TerriBull Fri 24-Jan-20 14:38:29

I'm inclined to agree. A friend of mine turned down an invitation for them to go en famille to France for the wedding of a close friend's daughter, to be held in a chateau. Once they'd factored in air fares, hotel costs, a present etc., it would have cost them over £1,000. To be fair, the mother of the bride pointed out to her daughter that for such a wedding, she should be prepared that some invitees will turn the invitation down due to the travel and expense involved.

I also remember going to a wedding, both 2nd time a rounders, close friend of my husbands, again well over a 100 miles away. This involved a very nice sit down lunch, then back to the hotel we'd booked, out again for an evening do with practically the whole village in a marquee, seemed like an enoromous hoo ha to me particularly when they had a few grown up children between them. I'd have rather stayed in the hotel than go and stand around with drink in hand for the evening do, if we'd have had to drive a long way just for that part only, not sure we'd have bothered either. I agree with you OP, if people are travelling a distance, a sit down meal at least.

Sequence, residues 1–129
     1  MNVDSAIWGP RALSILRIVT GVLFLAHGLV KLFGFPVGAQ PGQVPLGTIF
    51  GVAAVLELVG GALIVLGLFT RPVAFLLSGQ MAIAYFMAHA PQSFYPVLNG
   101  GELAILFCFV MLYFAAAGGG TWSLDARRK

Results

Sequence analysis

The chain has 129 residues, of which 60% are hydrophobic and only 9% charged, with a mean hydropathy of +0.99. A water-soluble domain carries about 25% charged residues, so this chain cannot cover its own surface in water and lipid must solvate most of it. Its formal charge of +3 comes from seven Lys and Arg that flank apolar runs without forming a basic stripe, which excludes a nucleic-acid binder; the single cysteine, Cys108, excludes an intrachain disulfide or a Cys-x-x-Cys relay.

Gaunt47 Fri 24-Jan-20 14:47:12

No problem to turn down the invitation IMO.
I hear that young folk nowadays plan long weekends for their guests: Friday afternoon to Monday morning. Meals and activities and dancing, oh and the ceremony. Now, 3 days of jollification would certainly be boring smile

Beswitched Fri 24-Jan-20 14:57:00

Yes a 3 day wedding sounds like torture to me. But most weddings nowadays seem to come with the expectation that the guests will make a long weekend, if not a foreign holiday, out of it. I'm glad I'm at an age where6I rarely get wedding invites anymore.